3. Know the most-used scams: Common work-from-home scams include repackaging products, survey taking, stuffing envelopes, and building crafts. If it sounds too good to be true, it is.

4. Be cautious about unsolicited e-mails: E-mails from unknown sources that promise to find you work-from-home jobs should be ignored completely, and of course deleted.

5. If you think you’ve found a scam, ask yourself these questions to be sure:

  • Is the hiring company’s name listed in the job listing?
  • Do you need to pay to get the job?
  • Does the job listing sound too good to be true?
  • Does the company ask you to provide your social security number, driver’s license number, credit card number, or bank information?
  • Does the job sound like any of the following common work at home scams? Unsolicited contact, wire transfer, stuffing envelopes, data entry, assembly work, multi-level marketing or pyramid scheme, shipping manager, rebate processor

FlexJobs’ mission is to provide job seekers with a safer job search experience while they look for telecommuting jobs and other flexible jobs. We have a team of job researchers who spend a combined 50+ hours every day searching for legitimate telecommuting jobs. They weed through scams to find new job listings and employers, then screen each employer to make sure they’re a legitimate company offering a real job. Only then is the job posted to FlexJobs, so job seekers who use our site are guaranteed to find only legitimate telecommuting and flexible jobs.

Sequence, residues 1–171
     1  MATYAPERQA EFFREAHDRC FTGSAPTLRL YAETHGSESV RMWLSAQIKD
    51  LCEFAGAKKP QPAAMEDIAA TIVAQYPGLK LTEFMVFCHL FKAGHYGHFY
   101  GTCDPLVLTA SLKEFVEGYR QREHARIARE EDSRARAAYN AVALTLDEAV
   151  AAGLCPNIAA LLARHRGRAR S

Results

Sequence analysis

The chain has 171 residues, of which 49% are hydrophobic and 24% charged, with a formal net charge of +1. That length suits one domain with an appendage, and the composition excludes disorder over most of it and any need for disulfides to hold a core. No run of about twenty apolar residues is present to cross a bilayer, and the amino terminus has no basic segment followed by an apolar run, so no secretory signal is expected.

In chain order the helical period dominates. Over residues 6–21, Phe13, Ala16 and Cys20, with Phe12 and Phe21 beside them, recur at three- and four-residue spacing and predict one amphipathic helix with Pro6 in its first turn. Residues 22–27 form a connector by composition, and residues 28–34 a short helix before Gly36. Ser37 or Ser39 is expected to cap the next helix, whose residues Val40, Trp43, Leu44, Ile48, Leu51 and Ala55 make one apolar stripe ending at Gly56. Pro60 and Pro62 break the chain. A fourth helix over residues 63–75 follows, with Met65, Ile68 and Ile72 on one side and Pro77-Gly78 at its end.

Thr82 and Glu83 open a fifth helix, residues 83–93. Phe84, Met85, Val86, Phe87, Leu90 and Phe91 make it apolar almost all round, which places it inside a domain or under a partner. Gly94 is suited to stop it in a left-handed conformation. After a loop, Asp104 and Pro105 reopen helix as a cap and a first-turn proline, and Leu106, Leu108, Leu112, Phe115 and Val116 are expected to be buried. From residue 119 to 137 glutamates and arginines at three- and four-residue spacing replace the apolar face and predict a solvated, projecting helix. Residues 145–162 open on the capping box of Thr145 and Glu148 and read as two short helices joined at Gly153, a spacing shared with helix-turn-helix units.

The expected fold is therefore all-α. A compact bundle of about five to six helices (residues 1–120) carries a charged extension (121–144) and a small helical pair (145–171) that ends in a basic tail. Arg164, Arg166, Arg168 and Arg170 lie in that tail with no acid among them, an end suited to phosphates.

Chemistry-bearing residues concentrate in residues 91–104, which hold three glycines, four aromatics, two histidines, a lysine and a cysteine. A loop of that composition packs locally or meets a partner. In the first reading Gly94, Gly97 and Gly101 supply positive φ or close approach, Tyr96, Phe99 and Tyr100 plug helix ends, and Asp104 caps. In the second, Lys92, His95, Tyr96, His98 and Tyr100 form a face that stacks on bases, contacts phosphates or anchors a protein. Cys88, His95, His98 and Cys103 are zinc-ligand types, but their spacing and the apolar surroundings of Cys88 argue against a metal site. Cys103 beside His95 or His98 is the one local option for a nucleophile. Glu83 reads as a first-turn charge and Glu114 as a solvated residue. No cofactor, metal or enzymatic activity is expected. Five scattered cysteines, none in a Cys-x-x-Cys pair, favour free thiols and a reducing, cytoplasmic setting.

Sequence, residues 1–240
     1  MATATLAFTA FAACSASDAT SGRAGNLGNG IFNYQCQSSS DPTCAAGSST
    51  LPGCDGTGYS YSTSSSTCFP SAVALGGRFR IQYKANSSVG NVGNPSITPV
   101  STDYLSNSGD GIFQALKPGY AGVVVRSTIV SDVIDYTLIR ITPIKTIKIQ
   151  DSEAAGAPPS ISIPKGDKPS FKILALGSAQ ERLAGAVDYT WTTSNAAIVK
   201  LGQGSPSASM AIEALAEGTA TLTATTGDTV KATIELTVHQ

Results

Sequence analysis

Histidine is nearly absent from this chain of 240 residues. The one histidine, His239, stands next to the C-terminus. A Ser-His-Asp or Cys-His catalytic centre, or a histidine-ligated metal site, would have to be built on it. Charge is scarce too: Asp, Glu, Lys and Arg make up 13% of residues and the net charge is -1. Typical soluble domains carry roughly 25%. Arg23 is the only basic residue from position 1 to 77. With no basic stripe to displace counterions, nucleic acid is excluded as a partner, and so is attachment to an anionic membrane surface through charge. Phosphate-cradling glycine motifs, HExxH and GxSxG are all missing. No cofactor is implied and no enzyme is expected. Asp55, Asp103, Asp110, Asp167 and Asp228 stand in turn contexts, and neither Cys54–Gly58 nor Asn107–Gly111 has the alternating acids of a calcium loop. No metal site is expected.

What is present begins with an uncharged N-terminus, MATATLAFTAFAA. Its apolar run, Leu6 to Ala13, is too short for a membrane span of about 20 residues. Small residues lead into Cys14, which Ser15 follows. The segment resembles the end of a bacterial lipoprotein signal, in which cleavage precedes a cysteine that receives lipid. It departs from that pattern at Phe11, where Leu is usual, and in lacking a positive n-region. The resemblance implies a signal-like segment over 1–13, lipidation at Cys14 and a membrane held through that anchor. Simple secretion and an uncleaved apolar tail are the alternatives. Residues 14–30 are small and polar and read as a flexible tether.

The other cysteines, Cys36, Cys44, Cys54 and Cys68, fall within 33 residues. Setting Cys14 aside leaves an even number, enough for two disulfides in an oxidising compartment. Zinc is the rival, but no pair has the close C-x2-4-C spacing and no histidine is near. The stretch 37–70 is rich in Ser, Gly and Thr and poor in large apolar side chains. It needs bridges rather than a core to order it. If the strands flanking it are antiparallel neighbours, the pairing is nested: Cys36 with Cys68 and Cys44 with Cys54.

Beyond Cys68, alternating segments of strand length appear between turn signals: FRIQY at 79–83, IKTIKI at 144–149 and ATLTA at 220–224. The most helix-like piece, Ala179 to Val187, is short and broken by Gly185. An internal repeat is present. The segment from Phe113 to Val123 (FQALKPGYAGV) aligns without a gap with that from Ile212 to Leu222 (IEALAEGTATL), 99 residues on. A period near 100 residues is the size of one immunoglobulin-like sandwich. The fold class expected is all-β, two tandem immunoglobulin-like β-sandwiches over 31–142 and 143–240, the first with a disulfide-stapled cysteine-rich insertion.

5. How have employer attitudes changed towards work from home jobs in recent years? What has caused more employers to offer flexible jobs to their employees?

For one, technology has advanced by leaps and bounds so it’s much easier for employers to have a remote workforce. Internet speeds are much better, personal computers and business networks are very advanced, and the average professional’s knowledge of and competence with office technology has greatly improved.

Management styles have also changed which is necessary for a thriving at-home employee base. Employers rely less on the “I need to see you working to know you’re working” model and managers are better prepared to manage employees remotely.

And finally, employers are seeing huge cost benefits to offering flexible jobs. The Telework Research Network has an inspiring list of the cost benefits of letting employees telecommute – http://www.teleworkresearchnetwork.com/resources/costs-benefits.

 

 

Find Work-Life Balance with Flexible Jobs: Interview with Sara Sutton Fell, CEO of FlexJobs

July 12th, 2012 No comments